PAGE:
No one has a crystal ball, and economists and epidemiologists are offering wildly different theories about what the future may hold for the current crisis. But I do have a few observations—and perhaps one or two predictions—about what the Covid-19 crisis means in terms of college and college admissions.
College and High School Shutdowns
Colleges were the first “industry” to voluntarily lock down in the face of Covid-19, an action that made sense for several reasons, both humanitarian and economic. Colleges are a bit like cruise ships—buffet-style dining, tight sleeping quarters, shared lavatories, and gyms and entertainment designed to bring people together. Contagious illnesses of every kind, from measles to meningitis, often appear on college campuses first. It was almost certainly a wise move to send kids home from college dorms and campuses, even if many—at least at first—congregated at Starbucks when they got home.
But as many of my former students have told me, their online university education is not a one-to-one substitute for the traditional education and interaction their tuition was paying for. One student recently told me, “As a senior, I’m disappointed. But I’m still getting a Yale degree, and I don’t have to go to class.” As long as the degrees will still be conferred, the complaints will be muted.
And indeed, while some students are hoping for partial rebates for residency/dining plans, very few are seriously contemplating tuition rebates. After all, they’ll still be getting the graduation credits for their classes. But are they learning what they were supposed to be learning?
It’s a question that applies, perhaps with even more urgency, to high school students, who will need to learn certain foundational math and science concepts before they can successfully master later ones.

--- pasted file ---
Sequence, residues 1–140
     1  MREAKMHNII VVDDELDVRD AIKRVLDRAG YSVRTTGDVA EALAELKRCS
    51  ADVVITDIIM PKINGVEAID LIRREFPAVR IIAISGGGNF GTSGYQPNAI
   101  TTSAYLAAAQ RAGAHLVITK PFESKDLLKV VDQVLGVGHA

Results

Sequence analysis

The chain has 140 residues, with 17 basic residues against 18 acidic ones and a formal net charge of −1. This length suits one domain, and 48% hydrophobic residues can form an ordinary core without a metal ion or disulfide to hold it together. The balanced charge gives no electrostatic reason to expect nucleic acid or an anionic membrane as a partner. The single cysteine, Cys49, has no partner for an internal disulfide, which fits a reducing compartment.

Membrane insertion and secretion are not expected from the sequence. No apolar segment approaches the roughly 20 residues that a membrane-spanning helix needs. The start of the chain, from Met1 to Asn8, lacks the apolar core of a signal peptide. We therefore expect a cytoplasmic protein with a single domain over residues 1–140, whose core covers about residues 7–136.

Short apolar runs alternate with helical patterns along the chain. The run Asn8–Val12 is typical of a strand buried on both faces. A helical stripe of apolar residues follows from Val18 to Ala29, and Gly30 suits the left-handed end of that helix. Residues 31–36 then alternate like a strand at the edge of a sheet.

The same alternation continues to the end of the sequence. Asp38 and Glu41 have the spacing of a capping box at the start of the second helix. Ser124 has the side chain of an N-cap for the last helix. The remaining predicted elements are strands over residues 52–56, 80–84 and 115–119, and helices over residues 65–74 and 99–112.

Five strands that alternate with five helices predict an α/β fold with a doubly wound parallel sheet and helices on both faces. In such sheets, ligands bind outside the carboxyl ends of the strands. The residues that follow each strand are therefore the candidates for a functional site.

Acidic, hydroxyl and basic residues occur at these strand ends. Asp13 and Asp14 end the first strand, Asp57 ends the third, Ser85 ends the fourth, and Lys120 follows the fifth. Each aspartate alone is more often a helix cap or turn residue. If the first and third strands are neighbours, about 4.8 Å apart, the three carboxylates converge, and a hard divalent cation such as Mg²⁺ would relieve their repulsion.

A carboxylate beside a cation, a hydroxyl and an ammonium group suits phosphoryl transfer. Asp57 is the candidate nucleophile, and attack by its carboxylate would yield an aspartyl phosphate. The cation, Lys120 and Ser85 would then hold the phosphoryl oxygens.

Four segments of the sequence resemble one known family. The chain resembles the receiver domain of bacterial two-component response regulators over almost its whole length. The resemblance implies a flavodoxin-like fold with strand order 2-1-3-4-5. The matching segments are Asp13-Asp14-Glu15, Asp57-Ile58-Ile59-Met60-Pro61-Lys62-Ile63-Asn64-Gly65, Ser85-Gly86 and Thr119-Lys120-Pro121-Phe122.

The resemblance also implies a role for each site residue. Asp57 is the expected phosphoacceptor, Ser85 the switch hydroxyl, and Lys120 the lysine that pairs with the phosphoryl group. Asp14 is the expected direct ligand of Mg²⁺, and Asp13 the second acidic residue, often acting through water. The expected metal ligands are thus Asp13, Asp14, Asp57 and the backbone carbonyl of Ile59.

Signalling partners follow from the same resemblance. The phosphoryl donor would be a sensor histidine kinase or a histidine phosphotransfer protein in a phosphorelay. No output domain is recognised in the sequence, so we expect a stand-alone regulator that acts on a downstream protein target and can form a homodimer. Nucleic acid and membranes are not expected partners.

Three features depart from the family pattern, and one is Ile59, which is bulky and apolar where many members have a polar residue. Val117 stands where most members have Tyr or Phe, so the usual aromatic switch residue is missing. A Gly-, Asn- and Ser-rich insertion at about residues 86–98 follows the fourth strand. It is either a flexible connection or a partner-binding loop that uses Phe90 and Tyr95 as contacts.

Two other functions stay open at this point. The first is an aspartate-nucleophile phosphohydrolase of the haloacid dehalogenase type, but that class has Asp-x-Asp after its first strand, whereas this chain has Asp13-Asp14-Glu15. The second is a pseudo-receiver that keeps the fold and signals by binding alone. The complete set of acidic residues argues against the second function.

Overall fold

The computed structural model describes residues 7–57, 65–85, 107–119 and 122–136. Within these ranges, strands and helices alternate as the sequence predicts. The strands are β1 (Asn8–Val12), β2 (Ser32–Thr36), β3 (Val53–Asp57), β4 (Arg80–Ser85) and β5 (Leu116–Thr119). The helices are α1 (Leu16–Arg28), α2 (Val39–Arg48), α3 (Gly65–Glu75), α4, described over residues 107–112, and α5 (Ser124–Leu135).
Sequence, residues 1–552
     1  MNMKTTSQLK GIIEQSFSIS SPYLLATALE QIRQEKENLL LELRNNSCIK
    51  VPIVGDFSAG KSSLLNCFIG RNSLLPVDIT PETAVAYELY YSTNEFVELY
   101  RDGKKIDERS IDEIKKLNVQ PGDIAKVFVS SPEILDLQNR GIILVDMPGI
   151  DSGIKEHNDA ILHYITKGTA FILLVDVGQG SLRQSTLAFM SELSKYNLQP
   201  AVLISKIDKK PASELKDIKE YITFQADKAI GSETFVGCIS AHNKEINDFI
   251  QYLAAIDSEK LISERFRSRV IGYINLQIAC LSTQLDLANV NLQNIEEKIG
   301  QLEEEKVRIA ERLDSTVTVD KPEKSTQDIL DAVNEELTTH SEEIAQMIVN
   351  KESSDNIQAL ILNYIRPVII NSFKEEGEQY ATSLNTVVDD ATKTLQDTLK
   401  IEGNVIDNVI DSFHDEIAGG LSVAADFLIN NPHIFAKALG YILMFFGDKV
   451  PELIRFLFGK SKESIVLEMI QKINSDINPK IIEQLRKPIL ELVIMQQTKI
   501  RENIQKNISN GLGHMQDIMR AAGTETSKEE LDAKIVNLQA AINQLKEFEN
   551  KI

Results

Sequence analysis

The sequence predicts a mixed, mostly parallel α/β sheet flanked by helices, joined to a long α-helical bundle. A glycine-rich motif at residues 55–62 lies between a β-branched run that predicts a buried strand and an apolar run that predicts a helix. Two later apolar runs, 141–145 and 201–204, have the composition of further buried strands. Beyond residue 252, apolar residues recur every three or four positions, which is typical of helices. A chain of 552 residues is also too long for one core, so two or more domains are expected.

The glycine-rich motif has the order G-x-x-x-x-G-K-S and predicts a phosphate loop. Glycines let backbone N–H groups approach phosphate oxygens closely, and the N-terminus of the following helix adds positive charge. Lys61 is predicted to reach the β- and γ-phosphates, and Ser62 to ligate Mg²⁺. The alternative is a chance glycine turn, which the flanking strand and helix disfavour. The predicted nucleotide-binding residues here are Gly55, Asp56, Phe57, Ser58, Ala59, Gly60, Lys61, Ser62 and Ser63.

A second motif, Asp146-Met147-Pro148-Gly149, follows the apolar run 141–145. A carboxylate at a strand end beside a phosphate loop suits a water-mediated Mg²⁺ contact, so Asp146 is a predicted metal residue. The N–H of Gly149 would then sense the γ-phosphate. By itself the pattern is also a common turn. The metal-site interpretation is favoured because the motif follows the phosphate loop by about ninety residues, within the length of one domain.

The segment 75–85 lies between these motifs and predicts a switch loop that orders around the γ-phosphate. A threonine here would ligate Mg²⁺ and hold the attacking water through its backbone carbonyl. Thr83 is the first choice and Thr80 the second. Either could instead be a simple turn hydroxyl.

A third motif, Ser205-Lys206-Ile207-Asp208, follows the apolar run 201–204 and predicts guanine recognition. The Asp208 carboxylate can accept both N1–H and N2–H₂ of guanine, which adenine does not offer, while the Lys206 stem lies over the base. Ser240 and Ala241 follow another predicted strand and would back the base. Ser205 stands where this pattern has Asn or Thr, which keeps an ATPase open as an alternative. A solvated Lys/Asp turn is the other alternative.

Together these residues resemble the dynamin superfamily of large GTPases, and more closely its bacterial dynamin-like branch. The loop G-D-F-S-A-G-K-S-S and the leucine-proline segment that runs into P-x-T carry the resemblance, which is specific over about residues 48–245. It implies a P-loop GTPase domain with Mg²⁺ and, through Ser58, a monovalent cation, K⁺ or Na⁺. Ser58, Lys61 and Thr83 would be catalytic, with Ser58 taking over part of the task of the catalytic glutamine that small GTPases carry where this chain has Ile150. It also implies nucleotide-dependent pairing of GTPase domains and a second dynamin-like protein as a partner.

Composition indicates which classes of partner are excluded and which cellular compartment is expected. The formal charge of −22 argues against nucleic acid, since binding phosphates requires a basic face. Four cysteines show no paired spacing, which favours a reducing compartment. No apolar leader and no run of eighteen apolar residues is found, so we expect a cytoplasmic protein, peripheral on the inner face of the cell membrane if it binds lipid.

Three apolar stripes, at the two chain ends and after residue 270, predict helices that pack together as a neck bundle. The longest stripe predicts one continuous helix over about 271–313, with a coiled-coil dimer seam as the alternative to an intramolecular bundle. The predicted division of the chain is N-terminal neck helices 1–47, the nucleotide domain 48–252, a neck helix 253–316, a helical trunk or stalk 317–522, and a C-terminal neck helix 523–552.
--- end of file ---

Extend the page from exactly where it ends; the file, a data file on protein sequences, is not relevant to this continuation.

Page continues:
Wait-lists in times of crisis, and recent NACAC rules changes
Although it’s been more than a century since the last global pandemic, the Great Recession is only a decade past. Unlike my students, who were mostly in Kindergarten in 2008, I remember that time well. And I remember how it affected college admissions.
One family I was working with had a lofty goal, and a workable plan: Send our daughter to MIT by leveraging her competitive tennis. The young woman did everything right—she was a state-ranked tennis player, earning straight-As and a near-perfect SAT score. She got into MIT.
But by that time, her family had lost $500,000 of their savings and decided that in-state tuition at Berkeley made much more sense.
In the years 2008 to 2010, I saw that story repeated several times—students often turning down elite but very expensive options—thus creating room for those on the waiting-lists. Because the economic turmoil created by Covid-19 seems to surpass that of the “Great Recession,” it’s likely that this year—and perhaps next year, too—we’ll see the same sort of volatility and movement on waiting lists. And recent changes to NACAC (National Association of College Admissions Counselors) rules allow colleges to aggressively “poach” students who already committed to a college on May 1st. This may be a good year for students on waiting lists for private colleges. We’ll see.
What will this mean for UC admissions?
My prediction is that the number of Californians choosing cheaper UCs over pricier private options will be more or less counter-balanced by out-of-state students not choosing UC campuses—out-of-state tuition for the UCs is very expensive.
I think we’ll see roughly the same pattern for UC waiting lists we’ve seen over the past few years—about a 50% chance (on average) of getting into a UC from the waiting list. In general, UC waiting lists are are much more likely to result in an offer, compared to private colleges, and are definitely worth pursuing.
College admissions and the SAT/ACT
Because recent administrations of the SAT and ACT have been cancelled due to Covid-19 fears, and many high schools are in lockdown mode, some colleges—including the UC system—have announced that they will be more flexible regarding grades and test scores, which is a reasonable and humane response. But many people have profoundly misinterpreted these statements, partly because the media has often misinterpreted them.
Take this headline from the LA Times, for instance: “UC to ease admission requirement: No SAT, no letter grades due to coronavirus.” As far as it goes, that’s correct. Current juniors are not required to submit an SAT, because all of the spring SAT and ACT dates are canceled. And how meaningful are spring semester grades when, for many students, there are no spring semester classes?